For reference, the Detroit Tigers recently signed right-hander Tyson Ross to a one-year deal worth $5.75 million in base salary and another $250,000 in easy incentives. Ross, 31, went 8-9 with a 4.15 ERA and 1.30 WHIP last season, all significantly worse than Jackson's 2018 stats.

The Yankees signed left-hander CC Sabathia to a one-year, $8 million contract earlier this offseason. Sabathia, 38, went 9-7 with a 3.65 ERA and 1.31 WHIP last year.

While Jackson might have benefited from pitching in Oakland at the pitcher-friendly Coliseum, his ERA actually was slightly better on the road. Overall, he limited opposing batters to a .227 batting average.

Much of Jackson's value also came in the clubhouse, where he quickly became one of the veteran leaders on the A's. He is widely considered one of the best personalities in baseball and an unselfish teammate.

The A's concern could lie in Jackson's limited innings last season. He threw just 92 frames at the big league level after starting the year in Triple A, and he has not thrown more than 100 innings since 2014.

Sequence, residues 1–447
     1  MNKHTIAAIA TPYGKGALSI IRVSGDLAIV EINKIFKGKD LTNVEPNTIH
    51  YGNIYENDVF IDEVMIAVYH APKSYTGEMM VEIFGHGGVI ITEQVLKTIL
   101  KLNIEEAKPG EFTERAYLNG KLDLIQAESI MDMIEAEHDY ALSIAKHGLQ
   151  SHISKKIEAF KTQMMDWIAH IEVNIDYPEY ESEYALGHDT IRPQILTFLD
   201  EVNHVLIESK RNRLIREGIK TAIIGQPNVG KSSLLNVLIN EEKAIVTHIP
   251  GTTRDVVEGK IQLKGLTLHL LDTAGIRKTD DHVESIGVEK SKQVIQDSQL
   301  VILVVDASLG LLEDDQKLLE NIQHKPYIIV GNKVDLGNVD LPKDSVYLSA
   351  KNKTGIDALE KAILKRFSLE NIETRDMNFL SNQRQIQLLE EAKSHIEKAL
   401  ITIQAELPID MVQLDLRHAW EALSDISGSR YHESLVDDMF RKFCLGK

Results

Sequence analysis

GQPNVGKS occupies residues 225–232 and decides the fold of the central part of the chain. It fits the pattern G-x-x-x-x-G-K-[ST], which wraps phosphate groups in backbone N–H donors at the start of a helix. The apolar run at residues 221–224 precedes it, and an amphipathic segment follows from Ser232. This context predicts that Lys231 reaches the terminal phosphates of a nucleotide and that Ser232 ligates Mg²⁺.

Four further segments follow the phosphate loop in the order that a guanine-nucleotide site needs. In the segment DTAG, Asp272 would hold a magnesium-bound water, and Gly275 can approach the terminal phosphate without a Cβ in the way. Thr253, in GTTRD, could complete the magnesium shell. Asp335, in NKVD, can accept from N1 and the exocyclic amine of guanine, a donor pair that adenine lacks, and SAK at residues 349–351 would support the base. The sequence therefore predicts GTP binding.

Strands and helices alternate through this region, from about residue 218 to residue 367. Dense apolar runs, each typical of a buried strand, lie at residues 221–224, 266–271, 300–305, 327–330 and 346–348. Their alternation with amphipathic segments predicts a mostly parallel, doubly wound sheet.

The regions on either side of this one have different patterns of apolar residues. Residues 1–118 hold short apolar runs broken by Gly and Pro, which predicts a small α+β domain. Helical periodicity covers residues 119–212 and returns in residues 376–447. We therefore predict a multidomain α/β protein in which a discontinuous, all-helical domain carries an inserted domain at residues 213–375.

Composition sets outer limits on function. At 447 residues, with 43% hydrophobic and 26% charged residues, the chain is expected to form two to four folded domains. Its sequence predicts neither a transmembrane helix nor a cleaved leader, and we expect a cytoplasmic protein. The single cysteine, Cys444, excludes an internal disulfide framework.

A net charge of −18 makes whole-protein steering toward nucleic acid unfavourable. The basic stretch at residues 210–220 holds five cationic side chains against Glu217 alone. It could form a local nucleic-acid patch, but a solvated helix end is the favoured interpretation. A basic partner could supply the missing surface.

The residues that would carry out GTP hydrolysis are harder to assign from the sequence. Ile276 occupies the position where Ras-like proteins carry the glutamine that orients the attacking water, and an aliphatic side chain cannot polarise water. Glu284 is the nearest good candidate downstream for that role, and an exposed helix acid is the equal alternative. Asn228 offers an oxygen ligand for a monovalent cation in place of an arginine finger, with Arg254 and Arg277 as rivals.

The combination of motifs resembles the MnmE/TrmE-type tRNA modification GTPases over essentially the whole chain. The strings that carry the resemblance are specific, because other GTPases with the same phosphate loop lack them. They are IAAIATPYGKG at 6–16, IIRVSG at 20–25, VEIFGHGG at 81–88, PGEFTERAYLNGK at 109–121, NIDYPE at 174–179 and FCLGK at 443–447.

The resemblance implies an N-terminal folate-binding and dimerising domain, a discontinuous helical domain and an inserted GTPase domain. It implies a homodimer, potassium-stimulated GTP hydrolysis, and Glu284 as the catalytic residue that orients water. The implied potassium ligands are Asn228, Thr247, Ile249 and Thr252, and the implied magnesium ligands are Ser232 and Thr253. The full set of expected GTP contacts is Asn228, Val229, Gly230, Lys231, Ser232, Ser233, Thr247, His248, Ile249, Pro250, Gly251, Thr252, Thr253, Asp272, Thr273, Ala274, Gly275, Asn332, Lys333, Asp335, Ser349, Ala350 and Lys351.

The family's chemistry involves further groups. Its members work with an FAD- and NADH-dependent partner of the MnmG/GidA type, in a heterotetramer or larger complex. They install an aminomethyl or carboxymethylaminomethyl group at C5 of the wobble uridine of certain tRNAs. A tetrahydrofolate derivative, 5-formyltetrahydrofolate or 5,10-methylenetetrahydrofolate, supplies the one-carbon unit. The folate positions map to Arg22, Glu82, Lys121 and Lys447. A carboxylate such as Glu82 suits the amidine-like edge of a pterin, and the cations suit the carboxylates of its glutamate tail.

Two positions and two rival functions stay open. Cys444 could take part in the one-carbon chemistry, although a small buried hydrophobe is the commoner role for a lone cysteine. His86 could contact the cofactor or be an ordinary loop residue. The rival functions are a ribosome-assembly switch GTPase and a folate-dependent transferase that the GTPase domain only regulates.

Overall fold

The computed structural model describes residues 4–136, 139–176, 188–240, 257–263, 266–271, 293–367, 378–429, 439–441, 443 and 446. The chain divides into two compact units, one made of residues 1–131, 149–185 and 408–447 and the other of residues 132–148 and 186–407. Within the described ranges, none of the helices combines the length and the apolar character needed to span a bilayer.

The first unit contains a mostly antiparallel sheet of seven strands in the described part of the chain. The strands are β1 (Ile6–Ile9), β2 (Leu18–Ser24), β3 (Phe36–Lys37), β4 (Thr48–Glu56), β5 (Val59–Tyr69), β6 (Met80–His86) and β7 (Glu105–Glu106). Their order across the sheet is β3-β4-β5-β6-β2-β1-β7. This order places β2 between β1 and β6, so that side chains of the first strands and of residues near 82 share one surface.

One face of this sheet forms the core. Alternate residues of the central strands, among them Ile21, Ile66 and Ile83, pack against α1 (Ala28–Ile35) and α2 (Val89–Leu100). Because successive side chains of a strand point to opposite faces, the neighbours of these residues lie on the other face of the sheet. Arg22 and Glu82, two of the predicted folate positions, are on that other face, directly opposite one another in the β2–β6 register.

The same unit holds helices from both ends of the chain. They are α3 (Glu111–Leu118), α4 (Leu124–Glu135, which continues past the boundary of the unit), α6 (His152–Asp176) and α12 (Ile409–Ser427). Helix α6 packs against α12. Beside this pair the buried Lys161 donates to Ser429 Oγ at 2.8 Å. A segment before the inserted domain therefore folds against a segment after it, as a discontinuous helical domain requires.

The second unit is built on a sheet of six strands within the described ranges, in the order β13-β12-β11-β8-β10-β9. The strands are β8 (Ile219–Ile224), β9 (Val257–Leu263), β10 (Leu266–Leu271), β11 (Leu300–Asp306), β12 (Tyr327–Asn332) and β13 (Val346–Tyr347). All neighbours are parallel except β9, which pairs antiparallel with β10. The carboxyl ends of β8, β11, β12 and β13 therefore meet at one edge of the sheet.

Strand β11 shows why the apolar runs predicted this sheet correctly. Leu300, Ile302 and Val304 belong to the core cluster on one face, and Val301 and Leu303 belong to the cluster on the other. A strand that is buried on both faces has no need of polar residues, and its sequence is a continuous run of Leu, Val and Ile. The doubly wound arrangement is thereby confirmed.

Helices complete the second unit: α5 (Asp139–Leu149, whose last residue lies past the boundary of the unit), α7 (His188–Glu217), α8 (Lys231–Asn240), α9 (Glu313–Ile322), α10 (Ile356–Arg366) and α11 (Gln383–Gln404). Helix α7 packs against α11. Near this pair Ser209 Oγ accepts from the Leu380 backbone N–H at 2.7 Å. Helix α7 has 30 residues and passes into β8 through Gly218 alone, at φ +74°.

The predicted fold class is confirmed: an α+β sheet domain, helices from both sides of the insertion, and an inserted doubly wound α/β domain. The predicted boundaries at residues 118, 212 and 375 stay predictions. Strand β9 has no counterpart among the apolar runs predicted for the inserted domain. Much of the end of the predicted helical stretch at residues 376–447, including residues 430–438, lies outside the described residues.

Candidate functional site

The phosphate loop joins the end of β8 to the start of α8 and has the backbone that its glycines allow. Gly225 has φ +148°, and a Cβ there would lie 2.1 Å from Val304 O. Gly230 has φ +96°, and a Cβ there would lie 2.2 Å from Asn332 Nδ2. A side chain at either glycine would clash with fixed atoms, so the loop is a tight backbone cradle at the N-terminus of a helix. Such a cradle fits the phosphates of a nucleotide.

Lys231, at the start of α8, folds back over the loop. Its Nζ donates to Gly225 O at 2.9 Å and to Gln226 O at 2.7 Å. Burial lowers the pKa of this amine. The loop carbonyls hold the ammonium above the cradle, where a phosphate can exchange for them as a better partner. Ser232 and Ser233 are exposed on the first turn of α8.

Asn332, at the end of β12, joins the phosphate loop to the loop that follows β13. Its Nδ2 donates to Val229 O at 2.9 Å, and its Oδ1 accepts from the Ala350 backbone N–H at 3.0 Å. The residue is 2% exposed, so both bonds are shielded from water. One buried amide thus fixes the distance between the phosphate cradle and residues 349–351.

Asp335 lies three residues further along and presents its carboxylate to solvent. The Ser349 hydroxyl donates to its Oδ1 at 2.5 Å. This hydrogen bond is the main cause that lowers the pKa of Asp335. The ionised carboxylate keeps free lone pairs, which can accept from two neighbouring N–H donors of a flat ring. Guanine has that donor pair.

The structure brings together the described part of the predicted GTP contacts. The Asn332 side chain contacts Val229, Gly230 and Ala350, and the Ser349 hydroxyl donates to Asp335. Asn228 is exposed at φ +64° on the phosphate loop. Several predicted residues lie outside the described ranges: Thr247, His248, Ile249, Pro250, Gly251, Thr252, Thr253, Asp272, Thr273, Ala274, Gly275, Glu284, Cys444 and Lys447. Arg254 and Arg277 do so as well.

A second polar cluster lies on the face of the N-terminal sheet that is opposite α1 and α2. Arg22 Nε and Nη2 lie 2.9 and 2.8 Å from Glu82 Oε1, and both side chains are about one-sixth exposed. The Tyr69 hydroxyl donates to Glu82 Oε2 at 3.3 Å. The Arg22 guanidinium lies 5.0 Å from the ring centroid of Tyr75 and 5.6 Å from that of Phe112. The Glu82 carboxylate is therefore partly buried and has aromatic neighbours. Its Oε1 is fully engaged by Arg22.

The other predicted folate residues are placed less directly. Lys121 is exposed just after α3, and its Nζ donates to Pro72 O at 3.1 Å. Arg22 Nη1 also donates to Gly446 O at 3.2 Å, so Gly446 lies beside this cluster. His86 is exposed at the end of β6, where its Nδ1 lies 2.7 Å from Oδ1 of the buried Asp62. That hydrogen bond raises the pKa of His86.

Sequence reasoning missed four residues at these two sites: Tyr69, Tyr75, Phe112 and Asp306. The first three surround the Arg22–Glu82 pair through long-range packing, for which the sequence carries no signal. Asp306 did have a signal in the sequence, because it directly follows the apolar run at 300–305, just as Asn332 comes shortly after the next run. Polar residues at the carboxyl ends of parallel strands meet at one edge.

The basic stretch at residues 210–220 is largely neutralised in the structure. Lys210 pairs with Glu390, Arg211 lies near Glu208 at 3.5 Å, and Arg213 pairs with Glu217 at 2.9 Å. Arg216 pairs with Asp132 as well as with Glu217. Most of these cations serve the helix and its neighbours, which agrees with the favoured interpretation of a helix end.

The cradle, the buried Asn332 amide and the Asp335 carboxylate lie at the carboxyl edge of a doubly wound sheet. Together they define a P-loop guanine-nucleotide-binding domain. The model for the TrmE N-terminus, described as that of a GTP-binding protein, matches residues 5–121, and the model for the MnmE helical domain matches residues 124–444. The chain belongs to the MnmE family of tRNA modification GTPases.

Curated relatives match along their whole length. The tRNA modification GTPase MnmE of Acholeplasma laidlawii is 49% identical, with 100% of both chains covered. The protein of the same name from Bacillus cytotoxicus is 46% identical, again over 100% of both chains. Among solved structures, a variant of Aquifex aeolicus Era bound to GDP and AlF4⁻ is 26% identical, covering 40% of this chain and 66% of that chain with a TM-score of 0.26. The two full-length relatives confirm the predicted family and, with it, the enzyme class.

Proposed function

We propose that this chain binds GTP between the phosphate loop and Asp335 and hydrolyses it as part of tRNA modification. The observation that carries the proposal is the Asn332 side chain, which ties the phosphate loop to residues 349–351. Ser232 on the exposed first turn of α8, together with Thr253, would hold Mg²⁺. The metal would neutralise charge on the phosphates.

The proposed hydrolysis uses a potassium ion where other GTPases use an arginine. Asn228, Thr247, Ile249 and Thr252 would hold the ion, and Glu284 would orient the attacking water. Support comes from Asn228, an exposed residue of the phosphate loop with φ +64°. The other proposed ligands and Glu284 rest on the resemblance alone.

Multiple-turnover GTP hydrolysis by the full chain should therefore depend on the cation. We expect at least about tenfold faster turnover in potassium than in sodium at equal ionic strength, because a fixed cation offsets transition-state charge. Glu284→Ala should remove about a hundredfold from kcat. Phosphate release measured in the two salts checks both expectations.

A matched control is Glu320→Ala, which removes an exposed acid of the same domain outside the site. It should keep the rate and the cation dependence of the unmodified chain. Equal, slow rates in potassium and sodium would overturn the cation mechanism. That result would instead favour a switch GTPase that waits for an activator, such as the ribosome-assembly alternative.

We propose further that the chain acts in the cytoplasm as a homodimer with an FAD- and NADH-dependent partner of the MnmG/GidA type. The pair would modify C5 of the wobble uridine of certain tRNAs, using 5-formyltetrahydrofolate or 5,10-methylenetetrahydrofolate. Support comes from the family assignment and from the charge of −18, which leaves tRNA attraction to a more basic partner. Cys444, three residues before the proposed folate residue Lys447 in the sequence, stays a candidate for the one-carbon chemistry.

[RELATED: A's in no hurry to sign starting pitchers]

It remains to be seen if the A's can come to terms with Jackson, but they do have some other options. Oakland reportedly has shown interest in a handful of free-agent starters, including Trevor Cahill, Clay Buchholz and Shelby Miller.

One way or another, the A's figure to add at least two more starting pitchers by the start of the season.

Why Franklin Barreto should be A's starting second baseman in 2019

Why Franklin Barreto should be A's starting second baseman in 2019

The A's have said all the right things when it comes to Franklin Barreto.

Whether it's Billy Beane, David Forst or Bob Melvin, all have expressed great optimism in the 22-year-old's big league potential. However, their actions haven't quite matched that confidence in their top prospect.

Oakland has been linked to a handful of names at second base, both free agents and trade candidates. The A's reportedly have shown interest in DJ LeMahieu, Ian Kinsler, Jurickson Profar and, of course, last year's starter, Jed Lowrie.

"The good thing is there are a lot of options for us," Beane said last week at the MLB Winter Meetings in Las Vegas. "The best thing is we have an in-house option (Barreto) if need be, somebody who we think very highly of, and time will tell which one we go with."